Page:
Focus on Roles

A thorough selection process brings long-term benefits, even if this means you spend more time recruiting than you have time for. Hiring someone just to have bodies in the room can imperil your team, points out Entrepreneur. You don't want to run the risk of becoming a revolving door, whether that's because prospective employees view the role as a temporary landing pad and don't really want to put in the investment of learning, or because you realize later that they won't make a good fit. Either way, time is money. Invest resources in people whose roles truly match with objectives set forth by your company. Often, this isn't something that sticks out on their resume. No candidate will say "I'm only aiming for this job as a stepping stone to something better." Often, this takes gut instincts on your part -- another quality of a great leader.


Play to Strengths

Understanding what each individual member's strengths are allows each person to shine. It's rare for an employee to vastly improve on a deficiency, especially if that deficiency is just a part of their character. A team member who isn't good at managing details will probably never be good at that task. But if you play to their strengths -- perhaps they're great at communication with clients -- and pair them with a detail-oriented team member, you'll shore up both parties.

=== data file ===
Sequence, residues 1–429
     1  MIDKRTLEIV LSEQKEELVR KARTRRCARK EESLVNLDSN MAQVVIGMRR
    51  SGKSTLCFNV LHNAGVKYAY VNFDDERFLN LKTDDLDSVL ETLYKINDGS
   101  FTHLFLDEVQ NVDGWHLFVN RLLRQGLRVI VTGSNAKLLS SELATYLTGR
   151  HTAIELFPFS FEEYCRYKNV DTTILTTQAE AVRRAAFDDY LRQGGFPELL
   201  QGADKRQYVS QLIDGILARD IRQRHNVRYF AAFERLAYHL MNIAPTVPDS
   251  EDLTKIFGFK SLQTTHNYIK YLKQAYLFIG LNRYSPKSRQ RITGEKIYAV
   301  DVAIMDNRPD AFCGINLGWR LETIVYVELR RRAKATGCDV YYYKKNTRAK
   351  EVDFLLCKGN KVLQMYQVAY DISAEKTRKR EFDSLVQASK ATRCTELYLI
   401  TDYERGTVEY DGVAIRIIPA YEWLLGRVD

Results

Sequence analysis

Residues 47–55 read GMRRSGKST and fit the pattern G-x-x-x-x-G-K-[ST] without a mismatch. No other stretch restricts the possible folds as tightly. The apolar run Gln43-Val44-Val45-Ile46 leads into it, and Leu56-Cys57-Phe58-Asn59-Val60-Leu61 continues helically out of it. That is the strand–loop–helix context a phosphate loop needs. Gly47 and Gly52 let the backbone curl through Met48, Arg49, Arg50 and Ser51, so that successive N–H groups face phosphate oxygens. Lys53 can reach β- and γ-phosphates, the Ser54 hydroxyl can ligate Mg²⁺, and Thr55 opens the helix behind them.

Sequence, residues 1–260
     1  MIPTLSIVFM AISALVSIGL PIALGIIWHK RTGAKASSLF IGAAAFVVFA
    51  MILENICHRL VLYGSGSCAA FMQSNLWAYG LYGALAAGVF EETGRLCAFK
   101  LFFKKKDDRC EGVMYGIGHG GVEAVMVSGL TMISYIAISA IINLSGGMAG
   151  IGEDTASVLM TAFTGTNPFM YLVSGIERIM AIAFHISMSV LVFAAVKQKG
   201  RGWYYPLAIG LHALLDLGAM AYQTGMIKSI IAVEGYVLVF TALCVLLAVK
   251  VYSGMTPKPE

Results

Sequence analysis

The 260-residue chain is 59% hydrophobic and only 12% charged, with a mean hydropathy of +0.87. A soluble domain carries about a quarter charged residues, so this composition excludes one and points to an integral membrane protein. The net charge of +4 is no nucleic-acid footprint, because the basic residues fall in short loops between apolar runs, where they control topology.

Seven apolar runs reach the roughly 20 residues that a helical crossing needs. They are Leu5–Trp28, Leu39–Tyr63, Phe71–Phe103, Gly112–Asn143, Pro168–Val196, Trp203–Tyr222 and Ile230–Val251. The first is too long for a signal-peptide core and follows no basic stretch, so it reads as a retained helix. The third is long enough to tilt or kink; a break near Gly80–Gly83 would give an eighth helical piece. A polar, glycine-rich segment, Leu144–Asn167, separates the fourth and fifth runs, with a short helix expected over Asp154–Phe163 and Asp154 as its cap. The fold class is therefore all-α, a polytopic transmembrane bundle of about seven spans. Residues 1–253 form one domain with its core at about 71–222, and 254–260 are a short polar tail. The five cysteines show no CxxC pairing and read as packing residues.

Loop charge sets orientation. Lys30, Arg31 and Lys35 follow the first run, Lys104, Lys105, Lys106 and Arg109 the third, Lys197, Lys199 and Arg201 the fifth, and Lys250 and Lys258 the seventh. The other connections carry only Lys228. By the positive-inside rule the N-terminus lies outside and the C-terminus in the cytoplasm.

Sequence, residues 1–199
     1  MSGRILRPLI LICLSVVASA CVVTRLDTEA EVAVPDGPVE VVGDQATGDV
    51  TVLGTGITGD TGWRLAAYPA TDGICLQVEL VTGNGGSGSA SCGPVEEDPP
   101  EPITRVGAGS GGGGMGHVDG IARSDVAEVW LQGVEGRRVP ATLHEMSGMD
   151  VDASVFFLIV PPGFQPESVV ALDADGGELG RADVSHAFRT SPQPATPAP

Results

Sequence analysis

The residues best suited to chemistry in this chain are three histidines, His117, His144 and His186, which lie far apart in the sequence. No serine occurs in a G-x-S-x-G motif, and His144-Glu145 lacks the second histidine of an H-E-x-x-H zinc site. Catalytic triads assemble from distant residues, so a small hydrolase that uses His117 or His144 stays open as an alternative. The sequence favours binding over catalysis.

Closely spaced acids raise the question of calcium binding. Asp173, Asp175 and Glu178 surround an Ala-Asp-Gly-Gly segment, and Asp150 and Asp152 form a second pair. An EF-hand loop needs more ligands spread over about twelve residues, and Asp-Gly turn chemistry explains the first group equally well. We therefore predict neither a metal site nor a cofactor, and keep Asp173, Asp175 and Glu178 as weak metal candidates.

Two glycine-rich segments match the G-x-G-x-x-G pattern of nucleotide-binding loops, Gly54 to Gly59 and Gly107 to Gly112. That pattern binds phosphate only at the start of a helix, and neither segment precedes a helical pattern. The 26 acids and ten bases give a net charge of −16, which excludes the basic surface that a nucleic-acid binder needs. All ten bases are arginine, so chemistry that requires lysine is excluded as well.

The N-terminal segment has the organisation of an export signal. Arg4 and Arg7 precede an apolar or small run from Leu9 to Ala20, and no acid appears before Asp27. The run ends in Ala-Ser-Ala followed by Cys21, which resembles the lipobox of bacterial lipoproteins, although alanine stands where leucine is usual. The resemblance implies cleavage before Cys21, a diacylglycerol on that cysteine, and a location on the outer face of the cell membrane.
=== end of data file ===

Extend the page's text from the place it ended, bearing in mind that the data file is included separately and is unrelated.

Encourage Transparency

Just like families, teams need to know how to work things out on their own. You can't be called in to referee every little disagreement. When things start going off the rails, bring together those who aren't getting along and make them work through their concerns, suggests Inc. Letting them put you in the middle of a he said/she said situation wastes your resources that could be better spent elsewhere (like making money for your company). Your job as a leader is to help your team members understand each other better. Sure, it will be uncomfortable at first. Such transparency is always raw at the beginning. But instilling this strategy right off will encourage them to try resolving internal issues on their own, only bringing you into the equation when absolutely necessary.